Intellectual Disability

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FAQs


Below are brief answers to some common questions about ID.  See the "Twenty Questions" document to the right and the 12th edition of the AAIDD manual for more detailed information about ID.


What is ID and how is ID diagnosed?

ID is a developmental disability. Each person with ID will have their own strengths and weaknesses and will require lifelong supports of a personalized level, intensity, and duration to optimally engage in their environment.

Clinical judgment plays an important role in all aspects of the determination of ID. As described in more detail in the Manual, a clinician will consider evidence concerning each of the three diagnostic criteria, including any potential sources assessment or measurement error:

    Significant limitations in intellectual functioning, which means a full scale IQ standard score of approximately 2 (or more) standard deviations below the mean as measured with an appropriately-normed, standardized test of intelligence.

    Significant limitations in adaptive behavior, which means a standard score of approximately 2 (or more) standard deviations below the mean measured with an appropriate and standardized test of adaptive behavior in one or more of the following domains: conceptual, social, or practical skills.

    Onset of both of the above limitations during the developmental period, which means that significant limitations in both intellectual functioning and adaptive behavior in the individual have manifested before the age of 22.

As described in more detail in the Manual, all test results must be interpreted within the context of their administration and any potential sources of testing error. In making a determination of ID,  evidence in addition to test scores will inform the diagnostician's clinical judgment of the person's overall functioning.

For more information on the diagnosis of ID, consult the AAIDD manual. The "Twenty Questions" document on this page also contains useful information concerning diagnosis, classification, and clinical judgement.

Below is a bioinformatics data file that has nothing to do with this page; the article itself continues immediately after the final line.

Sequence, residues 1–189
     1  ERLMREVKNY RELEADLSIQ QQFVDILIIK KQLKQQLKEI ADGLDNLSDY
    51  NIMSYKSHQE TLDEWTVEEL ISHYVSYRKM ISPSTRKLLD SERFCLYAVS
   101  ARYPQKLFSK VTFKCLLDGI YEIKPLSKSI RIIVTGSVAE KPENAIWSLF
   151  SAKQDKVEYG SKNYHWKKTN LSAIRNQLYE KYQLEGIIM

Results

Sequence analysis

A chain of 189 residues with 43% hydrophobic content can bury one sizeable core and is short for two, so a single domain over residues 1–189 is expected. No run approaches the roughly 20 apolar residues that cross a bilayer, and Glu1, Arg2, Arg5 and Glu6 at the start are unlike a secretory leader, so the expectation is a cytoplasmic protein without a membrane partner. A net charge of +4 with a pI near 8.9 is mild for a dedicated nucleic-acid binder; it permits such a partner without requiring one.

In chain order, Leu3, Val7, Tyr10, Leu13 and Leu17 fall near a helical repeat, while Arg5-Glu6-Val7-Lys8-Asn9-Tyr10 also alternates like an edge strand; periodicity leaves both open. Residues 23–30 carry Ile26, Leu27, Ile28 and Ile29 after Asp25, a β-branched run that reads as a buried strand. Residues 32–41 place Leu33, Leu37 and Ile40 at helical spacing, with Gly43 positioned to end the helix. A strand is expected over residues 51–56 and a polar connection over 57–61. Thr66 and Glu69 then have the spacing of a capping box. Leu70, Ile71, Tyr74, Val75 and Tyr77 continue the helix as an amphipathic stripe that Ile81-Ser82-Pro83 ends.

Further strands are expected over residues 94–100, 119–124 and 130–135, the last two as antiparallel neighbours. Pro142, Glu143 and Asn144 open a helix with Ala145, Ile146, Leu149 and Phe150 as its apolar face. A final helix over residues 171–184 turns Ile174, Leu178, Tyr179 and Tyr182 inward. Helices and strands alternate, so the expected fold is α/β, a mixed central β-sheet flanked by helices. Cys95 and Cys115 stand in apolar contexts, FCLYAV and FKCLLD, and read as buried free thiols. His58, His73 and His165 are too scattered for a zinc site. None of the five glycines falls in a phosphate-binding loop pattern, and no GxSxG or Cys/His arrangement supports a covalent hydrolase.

What causes ID?

There are a number of causes of ID which are related to various risk factors (biomedical, social, behavioral, and educational) and the timing of exposure (before a person is born, around the time of their birth, and after the person is born) to those factors. 

Why did the definition of the developmental period change from "before age 18" to "before age 22"?

There is no dispute that ID originates during the developmental period, but there have been some minor inconsistencies among the various perspectives (e.g., etiological, functional, cultural, administrative) on the age at which the developmental period ends.  AAIDD acknowledged In prior editions of its Manual that some societies and contexts define the developmental period differently than was described in those editions.

In its 12th edition of the Manual, AAIDD defines the the end of the developmental period as age 22 based on contemporary research that has shown that important brain development continues into our 20s. Additionally, and as discussed further in the Manual, this age of onset is also consistent the standards used for a diagnosis of ID in the DSM-5 and the ICD-11 and for service eligibility by the US Social Security Administration.

Will the change in the definition of the developmental period increase the prevalence rate for ID?

The change in the operational definition of developmental period is not expected to impact prevalence rates because the vast majority of diagnoses of ID are--and will continue to be--made in early childhood; however, this change will enable the accurate diagnosis of the small percentage of individuals who are identified nearer to the end of the developmental period.

Why is it important to have a clear understanding of ID?

The overarching reason for evaluating and classifying ID is to be able to tailor a personalized set of supports for each person in the form of strategies and services that are to be delivered over a sustained period of time.

The overarching goal of these supports is to enhance the functioning of people with ID within their own environment in order to lead a more successful and satisfying life.

What is the most modern thinking about how to help people with ID?

Current approaches to services and supports emphasize promoting full community inclusion, enhancing self-direction, and decreasing disparities in health care outcomes.

Services and supports are expected to respect the desires and interests of people with ID and their families and to support the high quality of life standards desired by all members of society.